Forest Service to rework analysis

April 26, 2013 09:55 am

by KATY NESBITT / The Observer 

Ranchers grazing on public land under suit the past two years can continue business as usual while the U.S. Forest Service reworks its environmental analyses on Wallowa-Whitman and Umatilla national forest allotments. 

The Ninth District Court ruled in favor of the plaintiffs on most of their claims that the Forest Service reauthorized livestock grazing on public land without conducting proper environmental reviews. 

The Hells Canyon Preservation Council and the Oregon Natural Desert Association filed the suit in January 2011.

U.S. District Judge Michael Mosman’s final ruling, Feb. 22, upheld most of the original opinion by Judge Paul Papak’s August 2012 opinion, but deferred to the Forest Service on the issue of relying on exclusionary fencing to assume livestock are not able to access fenced areas and cause resource damage to streams and riparian areas.

The plaintiffs contended that the Forest Service violated the National Environmental Policy Act by renewing grazing permits between 2005 and 2008 in the region’s three national forests — Wallowa-Whitman, Umatilla and Malheur — without studying in detail the potential environmental effects of livestock grazing.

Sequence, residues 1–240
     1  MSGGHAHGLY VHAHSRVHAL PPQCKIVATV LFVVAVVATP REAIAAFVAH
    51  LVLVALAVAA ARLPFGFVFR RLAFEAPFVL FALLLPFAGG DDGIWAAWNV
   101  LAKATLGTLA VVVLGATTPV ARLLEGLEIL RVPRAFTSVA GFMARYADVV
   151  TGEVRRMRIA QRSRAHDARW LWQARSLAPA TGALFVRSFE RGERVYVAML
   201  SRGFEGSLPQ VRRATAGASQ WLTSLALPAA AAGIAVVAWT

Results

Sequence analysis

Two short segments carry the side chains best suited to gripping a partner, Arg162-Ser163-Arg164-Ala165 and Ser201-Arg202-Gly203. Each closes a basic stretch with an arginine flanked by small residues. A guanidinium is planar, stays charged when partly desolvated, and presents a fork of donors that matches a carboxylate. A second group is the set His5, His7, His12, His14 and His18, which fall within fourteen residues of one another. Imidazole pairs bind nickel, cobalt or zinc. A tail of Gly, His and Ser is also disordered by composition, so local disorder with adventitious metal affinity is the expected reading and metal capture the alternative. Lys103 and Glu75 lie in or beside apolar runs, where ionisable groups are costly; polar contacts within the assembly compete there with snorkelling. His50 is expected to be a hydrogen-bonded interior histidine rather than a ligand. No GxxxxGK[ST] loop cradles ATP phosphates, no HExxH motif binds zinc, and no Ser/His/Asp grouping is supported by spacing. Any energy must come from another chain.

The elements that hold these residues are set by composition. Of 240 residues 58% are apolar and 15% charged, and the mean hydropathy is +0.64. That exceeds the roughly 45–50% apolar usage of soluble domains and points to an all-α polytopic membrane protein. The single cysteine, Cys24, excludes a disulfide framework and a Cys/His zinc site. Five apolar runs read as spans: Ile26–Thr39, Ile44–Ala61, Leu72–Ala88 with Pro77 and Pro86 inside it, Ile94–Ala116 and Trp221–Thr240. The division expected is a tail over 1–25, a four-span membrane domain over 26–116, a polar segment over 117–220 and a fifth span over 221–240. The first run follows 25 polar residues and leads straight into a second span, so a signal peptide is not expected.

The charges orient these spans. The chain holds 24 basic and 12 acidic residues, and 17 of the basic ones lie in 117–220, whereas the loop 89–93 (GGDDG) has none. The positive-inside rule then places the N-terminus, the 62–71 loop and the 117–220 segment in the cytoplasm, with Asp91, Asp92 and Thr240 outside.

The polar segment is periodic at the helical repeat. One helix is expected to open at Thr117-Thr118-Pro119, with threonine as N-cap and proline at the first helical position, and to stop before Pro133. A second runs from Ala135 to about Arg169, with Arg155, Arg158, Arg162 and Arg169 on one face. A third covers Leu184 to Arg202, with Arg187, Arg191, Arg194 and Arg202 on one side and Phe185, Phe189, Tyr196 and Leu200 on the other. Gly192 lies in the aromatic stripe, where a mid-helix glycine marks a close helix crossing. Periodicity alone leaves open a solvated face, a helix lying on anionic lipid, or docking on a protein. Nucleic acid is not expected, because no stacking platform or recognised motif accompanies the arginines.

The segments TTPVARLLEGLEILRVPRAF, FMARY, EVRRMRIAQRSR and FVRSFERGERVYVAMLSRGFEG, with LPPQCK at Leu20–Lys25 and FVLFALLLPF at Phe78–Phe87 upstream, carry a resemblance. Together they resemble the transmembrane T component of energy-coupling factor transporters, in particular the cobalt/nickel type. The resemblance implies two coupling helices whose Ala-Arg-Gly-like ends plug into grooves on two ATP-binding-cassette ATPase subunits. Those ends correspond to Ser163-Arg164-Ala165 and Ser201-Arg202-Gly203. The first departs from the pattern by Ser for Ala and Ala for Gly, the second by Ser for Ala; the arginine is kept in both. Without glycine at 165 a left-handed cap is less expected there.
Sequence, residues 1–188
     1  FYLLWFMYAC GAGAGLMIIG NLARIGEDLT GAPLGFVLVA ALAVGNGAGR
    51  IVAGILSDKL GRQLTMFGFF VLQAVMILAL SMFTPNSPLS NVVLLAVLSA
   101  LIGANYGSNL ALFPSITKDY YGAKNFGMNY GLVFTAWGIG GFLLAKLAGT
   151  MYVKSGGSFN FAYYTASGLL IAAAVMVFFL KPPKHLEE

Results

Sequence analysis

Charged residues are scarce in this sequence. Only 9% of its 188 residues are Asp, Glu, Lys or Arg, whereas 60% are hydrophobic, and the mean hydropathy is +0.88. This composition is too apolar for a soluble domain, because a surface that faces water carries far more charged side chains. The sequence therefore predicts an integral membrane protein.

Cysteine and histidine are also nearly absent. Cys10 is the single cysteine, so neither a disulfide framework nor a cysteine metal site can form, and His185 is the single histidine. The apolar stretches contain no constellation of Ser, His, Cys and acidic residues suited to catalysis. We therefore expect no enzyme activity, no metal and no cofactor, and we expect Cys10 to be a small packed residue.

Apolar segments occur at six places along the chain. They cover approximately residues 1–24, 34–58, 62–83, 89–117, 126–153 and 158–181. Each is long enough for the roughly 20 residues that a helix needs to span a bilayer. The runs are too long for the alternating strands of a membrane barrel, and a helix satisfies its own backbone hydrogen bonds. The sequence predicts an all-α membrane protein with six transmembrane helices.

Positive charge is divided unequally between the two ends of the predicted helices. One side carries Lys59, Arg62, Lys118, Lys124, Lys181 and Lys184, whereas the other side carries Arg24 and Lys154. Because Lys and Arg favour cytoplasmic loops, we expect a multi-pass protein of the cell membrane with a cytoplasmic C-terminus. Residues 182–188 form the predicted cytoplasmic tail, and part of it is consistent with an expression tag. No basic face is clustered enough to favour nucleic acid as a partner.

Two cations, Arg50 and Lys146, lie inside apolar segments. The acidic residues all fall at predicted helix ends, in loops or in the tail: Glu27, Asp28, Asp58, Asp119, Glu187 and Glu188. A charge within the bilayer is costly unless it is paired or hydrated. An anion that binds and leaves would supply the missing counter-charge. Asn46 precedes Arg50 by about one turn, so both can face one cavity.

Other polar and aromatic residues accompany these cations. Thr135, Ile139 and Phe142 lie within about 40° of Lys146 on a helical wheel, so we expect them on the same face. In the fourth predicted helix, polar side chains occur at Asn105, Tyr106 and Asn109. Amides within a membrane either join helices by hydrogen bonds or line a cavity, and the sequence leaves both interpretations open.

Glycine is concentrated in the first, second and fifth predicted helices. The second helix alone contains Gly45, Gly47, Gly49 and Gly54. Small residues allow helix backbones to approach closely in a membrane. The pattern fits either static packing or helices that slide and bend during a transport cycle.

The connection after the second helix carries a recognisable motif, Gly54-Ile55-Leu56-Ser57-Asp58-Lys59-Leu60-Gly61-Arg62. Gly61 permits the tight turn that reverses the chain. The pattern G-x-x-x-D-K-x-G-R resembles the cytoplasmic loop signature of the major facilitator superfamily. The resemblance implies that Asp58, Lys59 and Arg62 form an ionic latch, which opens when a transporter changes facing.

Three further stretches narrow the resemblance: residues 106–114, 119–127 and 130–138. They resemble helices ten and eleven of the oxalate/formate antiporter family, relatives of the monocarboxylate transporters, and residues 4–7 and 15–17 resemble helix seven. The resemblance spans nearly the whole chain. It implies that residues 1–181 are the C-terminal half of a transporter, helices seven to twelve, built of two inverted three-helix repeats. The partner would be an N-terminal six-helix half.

In 2005, Congress passed a rider that allowed the Forest Service to grant 10-year grazing permits to ranchers without doing an extensive environmental study. To qualify for this temporary exemption, the agency had to show that the current grazing schedule was not detrimental to native species, water quality or other environmental standards.

The plaintiffs contended that officials from each of the three national forests, by neglecting to require intensive scientific studies of the areas, failed to show such proof, yet still granted 10-year grazing permits under the auspices of Congress’ 2005 decision.

Jennifer Swartz, attorney for Hells Canyon Preservation Council, said the Forest Service withdrew the categorical exclusion decisions on seven Dooley Mountain allotments on the La Grande District and added those allotments to its schedule for additional environmental analysis.

The plaintiffs reached an out of court resolution on four categorical exclusion decisions originally at issue on the Malheur National Forest. 

Last, the Forest Service issued two decisions pertaining to eight allotments on the Upper Imnaha River. Plaintiffs raised claims with respect to the Upper Imnaha decision, but did not seek to challenge application of the exclusion authority of the Keeler allotment, a small allotment with only four horses.

The Forest Service and the permittees who intervened in the suit have until May 6 to appeal.